There are few populations of workers more diligent and disciplined than veterans. Rigorously trained, our country’s service members develop some unparalleled hard and soft skills throughout their military tenures. Yet when they finish their service, many veterans still scramble to identify and land jobs that mesh with their skill levels.
But now, veterans are recognizing an exceptional opportunity for employment—in tech. It turns out, many of the skills veterans develop in training and combat are ideal for careers in software, computing, AI, and more. Team-driven, passionate, selfless, disciplined—veterans bring a lot of soft skills to tech careers.
And companies are noticing this, too. Just this summer, Amazon announced a commitment to hiring 25,000 military veterans (and spouses) by 2021.
The tech opportunity for veterans is vast. In honor of Veteran’s Day, three of our boot camp grads share how their military experience supported their budding tech careers.
Adaptability, flexibility, and continuous learning
Serving in the military comes with many challenges. So does learning how to code. For both, learning how to learn is more important than knowing specific facts.
Cesar Perez leaned on both his military experience and his time in the University of Arizona Coding Boot Camp to uncover how to be adaptable. Working at American Express on the Web Infrastructure team, Cesar has to be a quick learner. “The team moves so fast,” he said. “I’m able to pick up on everything easily and learn new things because of my foundation.”
Kenneth Barnes is on the same page. With an interest in lifelong learning, Kenneth values any company “that has interest in providing training and in-house mentors that would help guide my career as a web developer/engineer. I believe that having a company that supports your growth is very important,” he said.
The power of teamwork and collaboration
When you’re in the military, you have to rely on your team. You can’t be an island. After signing up for the University of Texas at Austin Coding Boot Camp, Daniel Smith realized coding was very similar.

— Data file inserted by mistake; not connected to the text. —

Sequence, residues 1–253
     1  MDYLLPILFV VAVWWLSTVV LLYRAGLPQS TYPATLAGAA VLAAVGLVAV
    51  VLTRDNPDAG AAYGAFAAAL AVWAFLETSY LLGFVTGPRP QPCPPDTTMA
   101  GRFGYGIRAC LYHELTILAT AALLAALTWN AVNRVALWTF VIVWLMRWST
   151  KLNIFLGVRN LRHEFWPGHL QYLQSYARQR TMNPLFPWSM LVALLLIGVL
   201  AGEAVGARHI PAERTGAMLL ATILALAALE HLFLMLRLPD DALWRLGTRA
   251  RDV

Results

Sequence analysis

To be successful in the boot camp, Daniel leaned on the instructor, the TAs, and most importantly, his fellow classmates. He would get together with his peers a couple of times a week to work through homework, overcome certain challenges, and see things from different perspectives.
“It was a lot like my experience in the Navy. The camaraderie, the support, it was something that was very familiar,” Daniel said.
An unwavering commitment to service
Many servicemen and women join the military for one powerful reason: to help people. This mission is the baseline for everything Kenneth has done, even outside the Air Force.
After serving in the Air Force, Kenneth decided to go back to his roots of social work—but with a twist. Backed by the soft skills he’d honed in the military and the passion that influenced his life, Kenneth went to Georgia Tech’s Coding Boot Camp to learn new tools to leverage in social work.
Now he’s focused on continuing his service by teaching others how to code as well. “Teaching simple coding techniques can open doors for [disadvantaged communities],” Kenneth said.
In the end, the grads’ military services opened the door for new frontiers in tech.
“Going to the boot camp was one of the most important things I’ve ever done in my life,” Cesar said. “More than the Air Force. It’s changed everything for me in just a year’s time.”
Ready to make a change in your life? Explore our programs in web development, data analytics, and UX/UI design.